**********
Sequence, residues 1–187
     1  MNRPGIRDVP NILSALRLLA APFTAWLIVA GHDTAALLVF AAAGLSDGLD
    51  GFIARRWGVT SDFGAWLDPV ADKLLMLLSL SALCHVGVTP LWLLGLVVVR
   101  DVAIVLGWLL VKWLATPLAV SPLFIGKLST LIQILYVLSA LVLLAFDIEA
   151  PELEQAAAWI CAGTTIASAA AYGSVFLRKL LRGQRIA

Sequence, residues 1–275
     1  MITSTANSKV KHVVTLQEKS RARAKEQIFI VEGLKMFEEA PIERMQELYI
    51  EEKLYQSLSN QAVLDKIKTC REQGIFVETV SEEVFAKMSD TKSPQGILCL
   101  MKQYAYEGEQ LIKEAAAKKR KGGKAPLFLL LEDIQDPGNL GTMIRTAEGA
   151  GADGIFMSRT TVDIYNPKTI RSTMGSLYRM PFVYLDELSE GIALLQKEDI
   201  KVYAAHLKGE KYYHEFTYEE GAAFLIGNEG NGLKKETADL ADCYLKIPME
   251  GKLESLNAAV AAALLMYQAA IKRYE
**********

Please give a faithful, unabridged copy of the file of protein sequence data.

Sequence, residues 1–187
     1  MNRPGIRDVP NILSALRLLA APFTAWLIVA GHDTAALLVF AAAGLSDGLD
    51  GFIARRWGVT SDFGAWLDPV ADKLLMLLSL SALCHVGVTP LWLLGLVVVR
   101  DVAIVLGWLL VKWLATPLAV SPLFIGKLST LIQILYVLSA LVLLAFDIEA
   151  PELEQAAAWI CAGTTIASAA AYGSVFLRKL LRGQRIA

Sequence, residues 1–275
     1  MITSTANSKV KHVVTLQEKS RARAKEQIFI VEGLKMFEEA PIERMQELYI
    51  EEKLYQSLSN QAVLDKIKTC REQGIFVETV SEEVFAKMSD TKSPQGILCL
   101  MKQYAYEGEQ LIKEAAAKKR KGGKAPLFLL LEDIQDPGNL GTMIRTAEGA
   151  GADGIFMSRT TVDIYNPKTI RSTMGSLYRM PFVYLDELSE GIALLQKEDI
   201  KVYAAHLKGE KYYHEFTYEE GAAFLIGNEG NGLKKETADL ADCYLKIPME
   251  GKLESLNAAV AAALLMYQAA IKRYE